I could not move. I was just standing there. I was frozen. Bob grabbed my hand. He walked with me into the room. He sat with me.
I could not move.
The time I remember my powerlessness being so manifested physically was the first time I went an AA meeting after my last relapse. I was so ashamed and embarrassed. I felt I had let many people down.
I showed up at the meeting, but could not walk through the door into the meeting room. Instead, I went to the kitchen next door. My sponsor, Bob, arrived and saw me there. He asked me what was wrong. I told him.
And then he reached out his hand, grabbed mine, and we walked into the room together.
I honestly do not believe I would have made into that room on my own. I do not think I would have been able to speak up and admit what I had done.
I was powerless. Powerless to move. Powerless to speak. Powerless to confess that I needed help in my life.
And Bob showed up. Bob listened. Bob grabbed me by the hand and walked with me, sat with me. And he continued to show up, listen, talk, and sit with me.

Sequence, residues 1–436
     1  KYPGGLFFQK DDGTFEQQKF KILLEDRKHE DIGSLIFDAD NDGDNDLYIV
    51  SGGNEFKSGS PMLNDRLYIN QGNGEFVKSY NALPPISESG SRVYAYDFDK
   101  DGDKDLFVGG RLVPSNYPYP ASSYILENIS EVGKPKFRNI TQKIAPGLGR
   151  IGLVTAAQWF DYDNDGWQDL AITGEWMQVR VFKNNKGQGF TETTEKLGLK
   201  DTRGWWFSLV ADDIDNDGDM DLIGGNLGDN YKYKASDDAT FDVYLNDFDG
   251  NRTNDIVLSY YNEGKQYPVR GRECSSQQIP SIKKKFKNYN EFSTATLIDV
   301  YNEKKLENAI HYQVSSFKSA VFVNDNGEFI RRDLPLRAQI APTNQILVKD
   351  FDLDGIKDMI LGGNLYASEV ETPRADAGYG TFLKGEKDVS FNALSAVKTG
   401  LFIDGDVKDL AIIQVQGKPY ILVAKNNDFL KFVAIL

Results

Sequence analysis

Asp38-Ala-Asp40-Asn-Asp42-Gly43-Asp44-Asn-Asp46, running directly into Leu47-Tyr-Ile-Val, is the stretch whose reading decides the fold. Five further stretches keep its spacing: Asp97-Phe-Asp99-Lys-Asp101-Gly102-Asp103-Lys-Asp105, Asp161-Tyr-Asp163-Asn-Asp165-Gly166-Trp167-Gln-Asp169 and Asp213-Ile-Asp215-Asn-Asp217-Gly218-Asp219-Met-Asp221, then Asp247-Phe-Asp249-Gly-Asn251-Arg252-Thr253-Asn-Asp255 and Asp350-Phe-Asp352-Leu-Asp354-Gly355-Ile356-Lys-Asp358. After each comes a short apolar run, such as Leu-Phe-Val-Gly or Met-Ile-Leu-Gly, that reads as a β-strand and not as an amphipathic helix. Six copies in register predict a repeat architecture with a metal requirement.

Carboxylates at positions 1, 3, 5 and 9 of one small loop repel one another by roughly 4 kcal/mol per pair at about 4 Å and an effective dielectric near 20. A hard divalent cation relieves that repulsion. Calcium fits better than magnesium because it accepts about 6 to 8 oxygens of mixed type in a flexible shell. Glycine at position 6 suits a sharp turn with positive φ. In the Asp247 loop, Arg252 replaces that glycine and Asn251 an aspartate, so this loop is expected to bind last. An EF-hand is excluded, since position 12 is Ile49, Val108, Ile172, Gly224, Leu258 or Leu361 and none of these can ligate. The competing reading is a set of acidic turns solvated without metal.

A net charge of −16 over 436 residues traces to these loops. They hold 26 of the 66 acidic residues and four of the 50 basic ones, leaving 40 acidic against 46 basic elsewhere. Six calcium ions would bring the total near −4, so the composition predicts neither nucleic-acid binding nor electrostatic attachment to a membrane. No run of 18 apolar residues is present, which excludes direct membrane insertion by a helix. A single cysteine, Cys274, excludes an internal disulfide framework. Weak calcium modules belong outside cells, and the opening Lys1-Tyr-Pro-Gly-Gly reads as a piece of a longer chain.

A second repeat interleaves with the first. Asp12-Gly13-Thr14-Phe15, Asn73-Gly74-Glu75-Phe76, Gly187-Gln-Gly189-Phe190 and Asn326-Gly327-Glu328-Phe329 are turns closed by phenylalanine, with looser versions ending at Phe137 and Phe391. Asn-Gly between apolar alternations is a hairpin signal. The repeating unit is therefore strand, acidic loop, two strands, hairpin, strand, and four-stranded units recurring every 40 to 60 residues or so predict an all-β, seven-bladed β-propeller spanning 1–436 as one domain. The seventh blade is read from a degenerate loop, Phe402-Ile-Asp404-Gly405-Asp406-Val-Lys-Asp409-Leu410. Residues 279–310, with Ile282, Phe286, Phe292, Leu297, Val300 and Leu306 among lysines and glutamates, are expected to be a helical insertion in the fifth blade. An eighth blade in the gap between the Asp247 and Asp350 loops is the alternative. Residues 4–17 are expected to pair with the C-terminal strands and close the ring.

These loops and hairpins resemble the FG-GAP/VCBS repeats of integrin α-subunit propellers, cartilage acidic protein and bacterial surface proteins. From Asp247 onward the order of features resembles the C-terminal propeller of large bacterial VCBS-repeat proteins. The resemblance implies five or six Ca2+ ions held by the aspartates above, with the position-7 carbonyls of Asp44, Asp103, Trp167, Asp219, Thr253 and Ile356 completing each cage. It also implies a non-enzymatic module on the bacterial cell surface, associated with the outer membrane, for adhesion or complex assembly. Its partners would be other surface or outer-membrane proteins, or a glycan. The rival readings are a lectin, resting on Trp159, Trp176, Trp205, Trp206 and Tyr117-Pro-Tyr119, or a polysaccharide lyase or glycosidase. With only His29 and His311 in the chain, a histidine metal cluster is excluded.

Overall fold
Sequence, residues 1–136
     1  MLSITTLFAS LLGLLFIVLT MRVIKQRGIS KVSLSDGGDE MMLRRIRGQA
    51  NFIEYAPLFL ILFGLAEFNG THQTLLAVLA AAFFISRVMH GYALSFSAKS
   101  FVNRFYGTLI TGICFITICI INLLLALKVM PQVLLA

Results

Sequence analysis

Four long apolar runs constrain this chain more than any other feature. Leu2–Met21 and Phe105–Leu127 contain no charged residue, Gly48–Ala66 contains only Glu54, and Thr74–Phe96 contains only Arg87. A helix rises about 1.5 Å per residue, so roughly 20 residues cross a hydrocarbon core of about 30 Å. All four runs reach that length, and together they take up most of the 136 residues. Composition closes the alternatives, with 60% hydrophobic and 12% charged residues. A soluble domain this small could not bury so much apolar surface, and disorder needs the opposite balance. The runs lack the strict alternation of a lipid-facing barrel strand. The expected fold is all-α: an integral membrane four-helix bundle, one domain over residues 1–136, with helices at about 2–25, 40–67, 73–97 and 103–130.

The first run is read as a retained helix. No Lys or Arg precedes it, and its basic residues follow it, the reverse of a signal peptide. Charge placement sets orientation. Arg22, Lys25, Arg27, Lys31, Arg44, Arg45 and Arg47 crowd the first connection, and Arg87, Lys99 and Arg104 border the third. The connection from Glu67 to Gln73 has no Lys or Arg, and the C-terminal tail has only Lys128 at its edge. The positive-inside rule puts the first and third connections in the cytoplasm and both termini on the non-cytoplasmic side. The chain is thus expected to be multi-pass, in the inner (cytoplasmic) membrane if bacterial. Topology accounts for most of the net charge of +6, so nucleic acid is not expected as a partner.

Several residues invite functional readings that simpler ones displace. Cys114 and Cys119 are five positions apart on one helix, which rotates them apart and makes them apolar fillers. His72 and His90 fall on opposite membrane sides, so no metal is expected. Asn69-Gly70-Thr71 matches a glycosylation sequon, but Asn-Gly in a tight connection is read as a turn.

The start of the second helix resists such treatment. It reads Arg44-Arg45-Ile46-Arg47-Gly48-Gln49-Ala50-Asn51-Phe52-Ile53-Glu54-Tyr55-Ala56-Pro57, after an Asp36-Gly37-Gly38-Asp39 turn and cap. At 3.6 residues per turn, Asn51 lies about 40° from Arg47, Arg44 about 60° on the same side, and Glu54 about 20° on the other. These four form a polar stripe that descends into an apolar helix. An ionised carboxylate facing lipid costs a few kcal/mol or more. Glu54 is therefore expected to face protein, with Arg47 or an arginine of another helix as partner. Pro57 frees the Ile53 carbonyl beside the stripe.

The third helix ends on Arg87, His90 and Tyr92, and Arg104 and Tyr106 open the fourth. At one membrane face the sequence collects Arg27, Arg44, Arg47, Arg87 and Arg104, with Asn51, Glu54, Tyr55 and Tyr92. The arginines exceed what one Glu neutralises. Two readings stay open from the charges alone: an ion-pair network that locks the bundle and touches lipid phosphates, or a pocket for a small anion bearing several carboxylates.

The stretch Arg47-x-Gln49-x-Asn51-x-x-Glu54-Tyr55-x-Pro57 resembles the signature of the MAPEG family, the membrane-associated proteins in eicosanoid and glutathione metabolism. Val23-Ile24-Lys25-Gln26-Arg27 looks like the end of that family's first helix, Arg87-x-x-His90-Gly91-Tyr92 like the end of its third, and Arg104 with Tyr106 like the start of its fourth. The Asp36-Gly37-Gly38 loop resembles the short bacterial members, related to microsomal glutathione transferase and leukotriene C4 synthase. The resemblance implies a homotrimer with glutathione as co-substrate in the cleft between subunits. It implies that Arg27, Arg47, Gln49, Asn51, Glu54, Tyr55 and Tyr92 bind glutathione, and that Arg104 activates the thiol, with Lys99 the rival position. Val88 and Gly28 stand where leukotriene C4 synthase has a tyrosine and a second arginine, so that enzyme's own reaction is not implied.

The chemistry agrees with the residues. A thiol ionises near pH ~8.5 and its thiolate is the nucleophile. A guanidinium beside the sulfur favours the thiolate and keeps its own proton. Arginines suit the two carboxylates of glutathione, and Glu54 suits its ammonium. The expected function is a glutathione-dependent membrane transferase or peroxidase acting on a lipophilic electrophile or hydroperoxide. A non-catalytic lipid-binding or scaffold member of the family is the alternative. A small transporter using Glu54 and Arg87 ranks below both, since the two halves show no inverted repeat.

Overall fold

I hate admitting I am powerless. But on that day, my powerlessness led me to rely fully on someone else.
And for that I am eternally grateful.
People often ask me how they can help people in their churches who are in the early stages of recovery. I think Bob provides the greatest example: listen, show compassion, be present.
I remember sideways glances. I remember people shying away from talking to me because they didn’t know what to say. I remember people just flat-out giving up on me. But I want to stress this: there is no magic statement you need to speak to somebody. You are not going to cure them with your words. But your presence might make a difference.
Show up. Sit in silence. Or make small talk. When the person in pain decides to open up, be ready to hear what they have to say. Don’t offer solutions. Don’t feel like it is necessary to make suggestions. Listen. Maybe grab them by the hand and walk with them to a meeting.
As I reflect back on the morning a number of years ago, I only remember one thing Bob said to me. As I opened up about my relapse and what all had occurred, I told him I would understand if he no longer wanted to be my sponsor. Instead, he said, “I want to see you get better. And I want to be a part of that.”
I know Bob told me other things that morning. But that is what I remember. Especially since he showed that to be true by his actions in the following months.
Be present. Listen. Walk alongside.
I may be powerless, but you can give me strength.